Fabolous doesn't have a problem with the current wave of new generation rappers who sport colorful dreads. He has a problem with new generation rappers who believe that, in order to be seen and heard by the masses, they must hop on the colorful dread bandwagon.
"People are just trying to be successful so they're copying the last success. But when everybody gotta look like this, everybody gotta have colorful dreads, that's where it goes wrong," Fabolous told Mass Appeal. "This is not against colorful dreads, it's about everybody trying to have colorful dreads so they can fit in so that you could look at them so they can be accepted."
Unlike in 2001, when Fabolous broke into hip-hop with his debut album, Ghetto Fabolous, the actual music made by rappers today has taken a backseat to the portrayal of their lifestyle on social media.
In 2001, artists could still be considered successful if they were heard and not seen. In 2017, an artist needs "cultural relevancy," a term that encompasses a large following across multiple social media platforms and the ability to constantly be a part of the conversation—even if that conversation has next to nothing to with the music.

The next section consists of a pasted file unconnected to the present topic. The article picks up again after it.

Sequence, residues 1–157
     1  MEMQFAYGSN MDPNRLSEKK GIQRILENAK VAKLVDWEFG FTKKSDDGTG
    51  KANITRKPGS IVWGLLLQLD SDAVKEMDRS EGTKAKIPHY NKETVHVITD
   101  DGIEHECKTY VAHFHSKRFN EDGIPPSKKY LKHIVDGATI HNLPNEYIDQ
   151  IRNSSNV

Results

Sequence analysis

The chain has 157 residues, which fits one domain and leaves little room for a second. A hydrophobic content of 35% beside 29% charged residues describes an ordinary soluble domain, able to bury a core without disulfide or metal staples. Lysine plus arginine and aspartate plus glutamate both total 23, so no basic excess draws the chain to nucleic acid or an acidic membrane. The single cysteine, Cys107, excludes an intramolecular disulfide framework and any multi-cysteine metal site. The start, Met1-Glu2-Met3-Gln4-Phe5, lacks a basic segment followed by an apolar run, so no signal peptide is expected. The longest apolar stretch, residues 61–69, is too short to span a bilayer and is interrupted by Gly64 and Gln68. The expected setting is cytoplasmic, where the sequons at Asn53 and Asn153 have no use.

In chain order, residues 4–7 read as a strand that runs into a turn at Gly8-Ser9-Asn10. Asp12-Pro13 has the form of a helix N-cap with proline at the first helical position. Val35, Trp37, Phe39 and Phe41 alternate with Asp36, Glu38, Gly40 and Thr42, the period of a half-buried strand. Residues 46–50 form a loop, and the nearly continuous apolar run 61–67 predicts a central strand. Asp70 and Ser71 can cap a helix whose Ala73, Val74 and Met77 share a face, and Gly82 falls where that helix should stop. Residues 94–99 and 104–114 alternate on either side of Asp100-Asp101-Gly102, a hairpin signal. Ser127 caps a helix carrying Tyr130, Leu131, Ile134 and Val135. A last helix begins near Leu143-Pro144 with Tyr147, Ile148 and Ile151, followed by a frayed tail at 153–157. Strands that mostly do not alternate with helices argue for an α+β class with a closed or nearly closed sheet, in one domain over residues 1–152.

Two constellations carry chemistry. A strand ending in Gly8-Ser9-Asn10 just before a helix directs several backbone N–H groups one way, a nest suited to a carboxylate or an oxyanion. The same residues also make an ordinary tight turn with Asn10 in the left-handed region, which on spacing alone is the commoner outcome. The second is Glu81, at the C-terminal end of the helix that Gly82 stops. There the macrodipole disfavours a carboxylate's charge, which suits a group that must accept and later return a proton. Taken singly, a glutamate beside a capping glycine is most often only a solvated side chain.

In fairness to today's rising rap stars, imitation—which is the most sincere form of flattery—has always been part and parcel of hip-hop success. Rappers from the '90s bit rappers from the '80s, rappers from the '00s bit rappers from the '90s and so on. Furthermore, while there was no Instagram or Twitter during hip-hop's golden age, rappers have always put an emphasis on image and style, even if it meant riding a popular wave. Did we ever point a finger at all the rappers who rocked Chicago White Sox fitteds after Dr. Dre popularized the cap by wearing it in the video for "Deep Cover' in 1992?
Historically, dying one's hair has been the go-to move to literally stand out from the crowd. Now? It's positioned as the go-to move to fit in, which is why youngsters like Lil Uzi Vert, Rich The Kid, Lil Pump, Famous Dex and Trippie Redd continue to be lumped in as one group of largely interchangeable artists. What they don't realize, though, is the best way to fit in—and to stay in—is to stand out from the rest of crowd.